The Final Hurdle?: Security of supply, the Capacity Mechanism and the role of interconnectors
David M Newbery () and
Michael Grubb ()
Cambridge Working Papers in Economics from Faculty of Economics, University of Cambridge
The UK Government has developed a carefully designed Capacity Mechanism to ensure security of supply in the GB electricity system. This paper criticises the methods used to determine the amount of capacity to procure, and argues that the amount finally proposed is likely to be excessive, particularly (but not exclusively) in ignoring the contribution from interconnectors. More broadly, there has been too little attention to either the political economy, or the option value aspects. Procuring too little is risky, but fear of'the lights going out' can easily become a catch-all argument for excessive procurement, and associated subsidy. The risk of over-procurement, particularly of new capacity on long-term contracts, is that it drives up the costs to consumers; undermines renewable energy by transferring capped resources from renewable to fossil fuel producers; and impedes the Single Market including by weakening the business case for future interconnectors. The paper argues that the development of technologies and markets, particularly on the demand- side and of potentially available – 'latent' – capacity - further lowers the risks and increases options. This implies greater potential to defer more capacity procurement – and enhances the value of a more appropriate treatment of interconnectors in security assessments.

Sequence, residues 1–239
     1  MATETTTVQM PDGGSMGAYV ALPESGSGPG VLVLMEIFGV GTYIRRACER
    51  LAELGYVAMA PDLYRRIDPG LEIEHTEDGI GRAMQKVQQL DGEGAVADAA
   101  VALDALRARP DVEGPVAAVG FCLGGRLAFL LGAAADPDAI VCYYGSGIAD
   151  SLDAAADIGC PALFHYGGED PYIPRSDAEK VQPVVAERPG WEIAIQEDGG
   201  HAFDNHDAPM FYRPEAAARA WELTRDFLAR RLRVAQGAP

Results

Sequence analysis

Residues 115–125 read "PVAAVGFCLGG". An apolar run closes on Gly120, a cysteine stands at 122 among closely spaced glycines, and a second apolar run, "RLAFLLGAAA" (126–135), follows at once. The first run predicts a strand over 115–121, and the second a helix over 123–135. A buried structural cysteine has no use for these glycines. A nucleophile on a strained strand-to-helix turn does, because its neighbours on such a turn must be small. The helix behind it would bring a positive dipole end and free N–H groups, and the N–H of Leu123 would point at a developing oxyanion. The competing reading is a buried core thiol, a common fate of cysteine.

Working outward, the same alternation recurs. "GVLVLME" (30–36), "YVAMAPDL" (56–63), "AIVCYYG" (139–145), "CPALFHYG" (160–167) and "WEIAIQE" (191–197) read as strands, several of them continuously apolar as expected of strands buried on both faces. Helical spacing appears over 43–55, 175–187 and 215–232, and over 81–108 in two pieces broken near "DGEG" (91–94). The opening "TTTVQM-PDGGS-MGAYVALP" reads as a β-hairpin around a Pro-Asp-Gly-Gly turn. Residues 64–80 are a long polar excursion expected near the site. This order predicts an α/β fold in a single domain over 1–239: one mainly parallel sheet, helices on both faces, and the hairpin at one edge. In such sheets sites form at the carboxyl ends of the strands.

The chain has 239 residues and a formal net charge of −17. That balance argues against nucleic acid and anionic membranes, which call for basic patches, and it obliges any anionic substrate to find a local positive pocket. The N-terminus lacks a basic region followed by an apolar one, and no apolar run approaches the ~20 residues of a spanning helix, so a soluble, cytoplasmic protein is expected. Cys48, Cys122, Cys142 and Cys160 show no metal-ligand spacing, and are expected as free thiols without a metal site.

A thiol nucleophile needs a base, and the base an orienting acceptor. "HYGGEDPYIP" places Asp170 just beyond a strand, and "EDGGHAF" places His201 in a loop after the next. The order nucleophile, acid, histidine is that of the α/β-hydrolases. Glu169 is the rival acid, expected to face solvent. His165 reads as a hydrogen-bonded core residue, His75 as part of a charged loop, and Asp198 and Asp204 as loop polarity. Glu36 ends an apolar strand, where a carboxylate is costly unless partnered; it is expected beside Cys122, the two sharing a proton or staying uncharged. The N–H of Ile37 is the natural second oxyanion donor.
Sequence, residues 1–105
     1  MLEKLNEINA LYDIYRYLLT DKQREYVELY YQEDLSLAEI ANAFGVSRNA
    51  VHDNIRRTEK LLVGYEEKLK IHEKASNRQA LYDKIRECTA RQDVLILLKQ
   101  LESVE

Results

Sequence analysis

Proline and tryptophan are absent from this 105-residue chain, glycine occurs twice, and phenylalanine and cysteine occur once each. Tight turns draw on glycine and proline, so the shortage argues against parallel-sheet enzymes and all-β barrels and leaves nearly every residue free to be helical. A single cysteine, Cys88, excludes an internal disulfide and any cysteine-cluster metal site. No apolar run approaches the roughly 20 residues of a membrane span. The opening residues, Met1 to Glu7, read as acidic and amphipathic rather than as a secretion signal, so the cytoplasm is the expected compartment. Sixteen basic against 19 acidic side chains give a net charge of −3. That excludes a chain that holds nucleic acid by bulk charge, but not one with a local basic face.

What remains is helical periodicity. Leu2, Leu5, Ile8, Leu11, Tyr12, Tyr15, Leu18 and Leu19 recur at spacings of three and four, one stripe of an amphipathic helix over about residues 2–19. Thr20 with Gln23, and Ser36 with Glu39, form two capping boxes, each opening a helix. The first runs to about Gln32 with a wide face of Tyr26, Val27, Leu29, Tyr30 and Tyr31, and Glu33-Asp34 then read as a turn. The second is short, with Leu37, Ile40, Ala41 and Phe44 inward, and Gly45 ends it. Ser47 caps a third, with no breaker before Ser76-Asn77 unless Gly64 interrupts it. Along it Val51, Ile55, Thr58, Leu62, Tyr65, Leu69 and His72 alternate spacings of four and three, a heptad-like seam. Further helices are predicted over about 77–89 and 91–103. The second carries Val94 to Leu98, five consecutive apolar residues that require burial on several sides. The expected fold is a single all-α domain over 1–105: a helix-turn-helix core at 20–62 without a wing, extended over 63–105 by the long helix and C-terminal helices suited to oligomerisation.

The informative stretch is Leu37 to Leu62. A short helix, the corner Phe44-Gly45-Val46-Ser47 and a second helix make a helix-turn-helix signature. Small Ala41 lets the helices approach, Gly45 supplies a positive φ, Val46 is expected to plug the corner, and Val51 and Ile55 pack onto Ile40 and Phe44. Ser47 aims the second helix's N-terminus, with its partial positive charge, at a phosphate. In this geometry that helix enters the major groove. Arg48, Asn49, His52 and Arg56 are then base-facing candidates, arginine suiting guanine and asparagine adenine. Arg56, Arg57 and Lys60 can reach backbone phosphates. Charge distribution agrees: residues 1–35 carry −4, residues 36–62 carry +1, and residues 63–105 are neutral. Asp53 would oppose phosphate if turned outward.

Keywords: Capacity Mechanisms; procurement volume; interconnectors (search for similar items in EconPapers)
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Working Paper: The Final Hurdle?: Security of supply, the Capacity Mechanism and the role of interconnectors (2014)
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Persistent link: https://EconPapers.repec.org/RePEc:cam:camdae:1433
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